Aug. 2, 2011 New research into how the bilingual brain processes two very different languages has revealed that bilinguals' native language directly influences their comprehension of their second language.
The innovative study by researchers in The University of Nottingham's School of Psychology set out to explore whether Chinese-English bilinguals translate English words automatically into Chinese without being aware of this process.
More than half of the world's population speaks more than one language but up to now it has not been clear how they interact if the two languages are very different, unlike some pairs of European languages which share the same alphabetical characters and even words.
The research, to be published in the journal Psychological Science, finds that Chinese people who are fluent in English translate English words into Chinese automatically and quickly, without thinking about it.
Like her research volunteers, University of Nottingham PhD student Taoli Zhang is originally from China, but lives in the UK and is fluent in English. With co-authors Drs Walter van Heuven and Kathy Conklin, they set out to examine how Chinese knowledge influences English language processing in Chinese-English bilinguals.
Taoli Zhang said: "Earlier research in European languages has found that both languages stayed active in the brain. But that work was in pairs of languages, like English and Dutch, which have a lot of similarities in spelling and vocabulary. That's not true for English and Chinese."
The subjects in Zhang's experiments were all Chinese students at The University of Nottingham in the United Kingdom. For the study, each person was shown pairs of English words. The first word flashed on the computer screen so quickly (for just 59 milliseconds) that the person didn't realise they had seen it. The second word appeared for longer; the person was supposed to hit a key indicating whether it was a real English word as quickly as possible. This was simply a test to see how quickly they were processing the word.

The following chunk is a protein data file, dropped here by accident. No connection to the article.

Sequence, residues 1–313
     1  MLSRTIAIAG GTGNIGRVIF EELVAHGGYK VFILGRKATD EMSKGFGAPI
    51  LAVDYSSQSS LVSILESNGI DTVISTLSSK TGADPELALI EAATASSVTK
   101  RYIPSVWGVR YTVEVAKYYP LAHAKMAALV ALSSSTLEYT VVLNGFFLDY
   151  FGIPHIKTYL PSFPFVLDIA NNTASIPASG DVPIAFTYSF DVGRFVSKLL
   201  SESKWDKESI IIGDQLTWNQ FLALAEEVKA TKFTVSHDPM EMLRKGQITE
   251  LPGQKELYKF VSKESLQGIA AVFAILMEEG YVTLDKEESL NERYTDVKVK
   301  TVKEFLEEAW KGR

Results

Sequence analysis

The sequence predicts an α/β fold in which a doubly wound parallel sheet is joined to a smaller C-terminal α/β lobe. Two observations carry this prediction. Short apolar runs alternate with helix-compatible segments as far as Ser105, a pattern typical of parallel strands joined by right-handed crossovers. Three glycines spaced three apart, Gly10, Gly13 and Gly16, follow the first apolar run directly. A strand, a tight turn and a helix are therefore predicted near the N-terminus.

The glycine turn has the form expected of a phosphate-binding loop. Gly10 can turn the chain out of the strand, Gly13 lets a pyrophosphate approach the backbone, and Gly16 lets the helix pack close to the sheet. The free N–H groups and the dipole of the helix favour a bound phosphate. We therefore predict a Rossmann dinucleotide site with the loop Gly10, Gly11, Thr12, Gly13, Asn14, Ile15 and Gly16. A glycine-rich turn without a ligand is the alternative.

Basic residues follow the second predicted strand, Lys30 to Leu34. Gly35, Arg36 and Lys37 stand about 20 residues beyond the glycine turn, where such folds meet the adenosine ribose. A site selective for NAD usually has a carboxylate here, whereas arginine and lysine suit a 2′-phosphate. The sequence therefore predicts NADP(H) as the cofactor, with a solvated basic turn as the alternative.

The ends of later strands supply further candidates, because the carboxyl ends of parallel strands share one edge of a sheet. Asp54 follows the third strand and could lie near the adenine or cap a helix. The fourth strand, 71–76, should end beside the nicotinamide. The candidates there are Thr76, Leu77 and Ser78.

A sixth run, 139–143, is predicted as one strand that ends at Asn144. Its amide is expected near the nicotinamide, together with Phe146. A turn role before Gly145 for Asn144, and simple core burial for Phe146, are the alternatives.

But the test had a clever trick to it which would shed light on whether the bilingual volunteer accessed their Chinese words.
Although everything in the test was in English, in some cases, the two words actually had a connection -- but only if you know how they're written in Chinese. So, for example, the first word might be 'thing' which is written 东西 in Chinese, and the second might be 'west' which is written 西 in Chinese. The character for 'west' appears in the word 'thing' but these two words are totally unrelated in English.
Zhang found that, when two words shared characters in Chinese, participants processed the second word faster -- even though they had no conscious knowledge of having seen the first word in the pair. Even though these students are fluent in English, their brains still automatically translate what they see into Chinese. This suggests that knowledge of a first language automatically influences the processing of a second language, even when they are very different, unrelated languages.
Dr Walter van Heuven added: "This research shows that reading words in a second language is influenced by the native language through automatic and very fast word translation in the bilingual brain."
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